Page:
Conundrum: Volume Is No Longer Relevant For Media Agencies

Not so long ago, the media industry, and most other industries, were driven by a desire to be big. Volume mattered to claim the best deal, the biggest advantage, the top spot, etc.

It was on this premise that media agency giants came into being. Media agencies sold themselves to marketers with a focus on volume. A large volume meant you could promise the lowest media cost, because quantity drove the negotiation. Additionally, what mattered in this world was relationships. Whom you could call or wine and dine made a huge difference in closing the best deal with the lowest cost.

In today’s digitally structured media auction world, these principles have all but eroded -- and media agencies are no longer necessarily best placed to deliver in this new world.

Most importantly, “volume” has been replaced by “capability.” The new pillars of capability were initially formed by tools, tech and people. Tools gave you the advantage to move fast and efficiently, critical to secure the deal in the nano-second when it comes to you. Tech is the enabler for the tools, and is critical for the people governing the tools and tech. It enabled decision making on how to manage the complexity of the advertising budget.



This media planning capability race started a few years ago when programmatic became the predominant means to place advertising. In 2024, I think we are entering media planning capability V2. The pillars as described in the previous paragraph are still the same, but, perhaps surprisingly, I would now place people as the first pillar, followed by tech, then tools.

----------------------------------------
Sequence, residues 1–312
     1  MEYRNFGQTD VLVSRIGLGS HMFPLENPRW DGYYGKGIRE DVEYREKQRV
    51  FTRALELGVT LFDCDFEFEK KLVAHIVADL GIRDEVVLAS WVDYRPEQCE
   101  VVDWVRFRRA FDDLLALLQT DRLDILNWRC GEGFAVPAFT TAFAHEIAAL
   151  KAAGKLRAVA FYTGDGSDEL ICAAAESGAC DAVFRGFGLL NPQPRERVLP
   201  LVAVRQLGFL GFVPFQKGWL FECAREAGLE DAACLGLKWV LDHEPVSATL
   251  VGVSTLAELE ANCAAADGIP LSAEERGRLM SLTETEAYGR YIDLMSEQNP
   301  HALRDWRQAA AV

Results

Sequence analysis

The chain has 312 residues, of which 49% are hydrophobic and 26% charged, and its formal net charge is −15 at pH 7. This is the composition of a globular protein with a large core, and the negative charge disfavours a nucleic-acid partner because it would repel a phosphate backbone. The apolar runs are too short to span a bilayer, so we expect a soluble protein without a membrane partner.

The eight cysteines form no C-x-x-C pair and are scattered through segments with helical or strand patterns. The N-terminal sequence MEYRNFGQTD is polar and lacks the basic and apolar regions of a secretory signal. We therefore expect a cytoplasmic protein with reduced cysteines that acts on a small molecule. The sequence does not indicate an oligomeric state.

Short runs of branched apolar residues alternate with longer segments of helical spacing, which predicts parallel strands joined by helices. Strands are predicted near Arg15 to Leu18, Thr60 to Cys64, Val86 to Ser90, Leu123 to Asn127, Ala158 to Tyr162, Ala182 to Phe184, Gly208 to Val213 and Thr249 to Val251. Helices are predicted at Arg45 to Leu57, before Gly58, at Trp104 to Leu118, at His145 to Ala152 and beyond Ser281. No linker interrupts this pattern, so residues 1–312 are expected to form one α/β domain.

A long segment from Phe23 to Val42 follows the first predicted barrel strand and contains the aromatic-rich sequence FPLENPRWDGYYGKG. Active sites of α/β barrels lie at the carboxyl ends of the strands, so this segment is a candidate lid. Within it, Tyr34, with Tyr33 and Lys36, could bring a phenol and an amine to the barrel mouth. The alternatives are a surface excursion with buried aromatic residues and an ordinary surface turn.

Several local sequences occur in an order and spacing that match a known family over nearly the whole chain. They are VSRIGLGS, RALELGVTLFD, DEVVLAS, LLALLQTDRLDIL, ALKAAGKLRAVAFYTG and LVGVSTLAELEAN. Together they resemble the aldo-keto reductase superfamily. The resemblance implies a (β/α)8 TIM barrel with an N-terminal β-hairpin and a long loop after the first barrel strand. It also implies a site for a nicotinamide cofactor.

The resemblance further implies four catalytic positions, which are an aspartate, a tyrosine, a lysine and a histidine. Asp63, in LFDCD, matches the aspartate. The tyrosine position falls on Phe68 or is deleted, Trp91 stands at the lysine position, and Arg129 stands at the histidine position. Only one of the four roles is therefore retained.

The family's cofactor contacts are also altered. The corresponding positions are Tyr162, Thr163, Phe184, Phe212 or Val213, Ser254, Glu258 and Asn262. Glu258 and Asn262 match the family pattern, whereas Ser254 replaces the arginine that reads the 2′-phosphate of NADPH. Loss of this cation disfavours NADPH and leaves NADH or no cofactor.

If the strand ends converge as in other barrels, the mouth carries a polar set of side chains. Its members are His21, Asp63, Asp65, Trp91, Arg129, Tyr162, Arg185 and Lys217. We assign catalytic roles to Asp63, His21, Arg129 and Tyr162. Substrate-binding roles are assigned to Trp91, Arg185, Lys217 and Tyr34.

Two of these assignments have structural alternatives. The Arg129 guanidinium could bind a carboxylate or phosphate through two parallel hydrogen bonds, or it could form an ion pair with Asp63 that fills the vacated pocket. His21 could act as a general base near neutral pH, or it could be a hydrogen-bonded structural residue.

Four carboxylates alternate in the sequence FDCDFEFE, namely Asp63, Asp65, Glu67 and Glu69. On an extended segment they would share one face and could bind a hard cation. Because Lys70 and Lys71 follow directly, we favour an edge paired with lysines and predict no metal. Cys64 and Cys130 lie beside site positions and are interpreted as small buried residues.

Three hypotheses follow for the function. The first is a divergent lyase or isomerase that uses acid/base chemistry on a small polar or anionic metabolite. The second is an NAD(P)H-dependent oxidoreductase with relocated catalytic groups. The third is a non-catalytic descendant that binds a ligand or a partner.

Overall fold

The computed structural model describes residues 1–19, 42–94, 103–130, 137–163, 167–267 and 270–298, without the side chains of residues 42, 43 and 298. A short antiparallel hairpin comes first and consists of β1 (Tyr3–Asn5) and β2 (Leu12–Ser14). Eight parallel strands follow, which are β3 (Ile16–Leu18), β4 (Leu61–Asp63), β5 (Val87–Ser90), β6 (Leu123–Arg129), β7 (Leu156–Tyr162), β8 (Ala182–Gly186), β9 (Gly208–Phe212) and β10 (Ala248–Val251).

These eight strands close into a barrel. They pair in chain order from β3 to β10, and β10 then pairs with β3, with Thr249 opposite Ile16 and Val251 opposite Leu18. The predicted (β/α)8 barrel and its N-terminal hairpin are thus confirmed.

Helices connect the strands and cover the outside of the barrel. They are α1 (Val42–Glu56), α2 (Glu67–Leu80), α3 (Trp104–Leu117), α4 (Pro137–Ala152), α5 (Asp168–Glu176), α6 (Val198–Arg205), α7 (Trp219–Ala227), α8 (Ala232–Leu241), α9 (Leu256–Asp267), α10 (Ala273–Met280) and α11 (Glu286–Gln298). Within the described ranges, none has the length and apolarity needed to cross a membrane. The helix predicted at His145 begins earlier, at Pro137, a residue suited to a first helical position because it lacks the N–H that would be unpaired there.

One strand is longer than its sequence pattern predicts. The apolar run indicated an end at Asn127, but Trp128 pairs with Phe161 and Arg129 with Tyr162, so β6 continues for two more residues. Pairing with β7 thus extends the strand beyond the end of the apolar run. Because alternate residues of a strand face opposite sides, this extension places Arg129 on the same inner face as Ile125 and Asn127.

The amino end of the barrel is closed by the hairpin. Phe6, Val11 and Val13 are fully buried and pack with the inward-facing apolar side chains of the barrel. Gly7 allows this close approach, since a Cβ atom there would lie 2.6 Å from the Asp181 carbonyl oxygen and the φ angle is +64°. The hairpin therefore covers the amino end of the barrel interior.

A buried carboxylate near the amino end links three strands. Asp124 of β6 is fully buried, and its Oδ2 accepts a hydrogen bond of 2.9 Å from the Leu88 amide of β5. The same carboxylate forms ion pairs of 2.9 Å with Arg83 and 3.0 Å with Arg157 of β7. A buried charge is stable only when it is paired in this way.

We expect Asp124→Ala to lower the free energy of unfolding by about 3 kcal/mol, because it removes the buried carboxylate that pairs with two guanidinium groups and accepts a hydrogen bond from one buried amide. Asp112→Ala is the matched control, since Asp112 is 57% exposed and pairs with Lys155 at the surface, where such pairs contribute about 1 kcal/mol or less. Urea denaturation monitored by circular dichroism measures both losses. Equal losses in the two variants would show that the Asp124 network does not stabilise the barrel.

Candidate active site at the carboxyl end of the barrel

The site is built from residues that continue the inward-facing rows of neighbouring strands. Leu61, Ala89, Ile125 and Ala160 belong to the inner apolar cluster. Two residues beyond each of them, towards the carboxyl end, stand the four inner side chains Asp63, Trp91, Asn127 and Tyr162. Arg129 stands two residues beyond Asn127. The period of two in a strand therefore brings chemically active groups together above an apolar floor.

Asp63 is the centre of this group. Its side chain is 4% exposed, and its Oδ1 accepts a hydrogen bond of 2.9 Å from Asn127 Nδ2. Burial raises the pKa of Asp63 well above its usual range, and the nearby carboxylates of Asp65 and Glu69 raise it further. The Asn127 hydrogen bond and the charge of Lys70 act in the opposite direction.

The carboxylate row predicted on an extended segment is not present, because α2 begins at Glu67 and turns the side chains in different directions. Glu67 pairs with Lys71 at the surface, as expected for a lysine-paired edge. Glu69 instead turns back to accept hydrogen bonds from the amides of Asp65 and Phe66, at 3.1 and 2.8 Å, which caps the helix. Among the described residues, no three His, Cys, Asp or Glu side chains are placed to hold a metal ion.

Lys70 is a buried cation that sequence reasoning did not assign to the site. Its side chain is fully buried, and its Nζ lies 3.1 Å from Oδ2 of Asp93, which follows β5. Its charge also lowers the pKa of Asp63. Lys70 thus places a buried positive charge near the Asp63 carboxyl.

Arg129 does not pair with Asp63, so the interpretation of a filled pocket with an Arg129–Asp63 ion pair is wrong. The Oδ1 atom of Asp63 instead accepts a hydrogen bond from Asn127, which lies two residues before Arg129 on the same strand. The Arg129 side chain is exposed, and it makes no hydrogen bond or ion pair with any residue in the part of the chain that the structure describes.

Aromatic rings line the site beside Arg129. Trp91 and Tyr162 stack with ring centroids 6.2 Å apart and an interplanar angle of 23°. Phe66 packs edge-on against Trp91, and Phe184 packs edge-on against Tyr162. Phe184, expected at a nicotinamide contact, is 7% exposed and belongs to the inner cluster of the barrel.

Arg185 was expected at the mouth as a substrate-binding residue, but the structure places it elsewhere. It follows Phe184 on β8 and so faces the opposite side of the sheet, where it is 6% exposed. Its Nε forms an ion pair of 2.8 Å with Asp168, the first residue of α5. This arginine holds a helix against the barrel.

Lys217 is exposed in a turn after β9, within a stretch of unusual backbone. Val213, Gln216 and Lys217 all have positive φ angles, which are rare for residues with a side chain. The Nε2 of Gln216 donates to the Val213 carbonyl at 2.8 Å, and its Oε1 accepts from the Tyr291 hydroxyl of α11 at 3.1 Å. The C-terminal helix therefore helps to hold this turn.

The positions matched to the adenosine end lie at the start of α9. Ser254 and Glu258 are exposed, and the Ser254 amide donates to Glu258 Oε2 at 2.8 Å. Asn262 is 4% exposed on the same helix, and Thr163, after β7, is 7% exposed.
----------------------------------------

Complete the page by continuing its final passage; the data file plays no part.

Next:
In the new AI-driven world, the ability to steer the machine, to set the strategy and goals, and to determine which data points matter most is more important than ever.

This is where traditional media agencies are struggling. Sure, they can and will throw money at tools and tech, but people is the most difficult, costly and fickle component in the operational equation. It is here that large media agencies do not have a very compelling offering. Large media agencies are themselves cost- and efficiency-driven machines, and they have gone to great lengths to strip and downsize the most costly and fickle component – people, and investing in their capabilities -- to something that can function at a rock-bottom price.

Advertisers are partly to blame here. They have long actively pursued and benefited from the pricing race to the bottom of media planning. They have also realized that by doing so, they were starting to miss out on certain media planning capabilities and control. And so they in-housed. Which in turn created an even further dressing down of the media agency function.

Media agencies need to completely rethink their reason for being. If volume no longer guarantees the best product (that is, a solid media plan at market competitive placement cost), and a smart-people-driven set of tech and tools does, then the investment should go towards attracting, keeping and educating smart people. Which means increasing operational cost and selling that through to clients.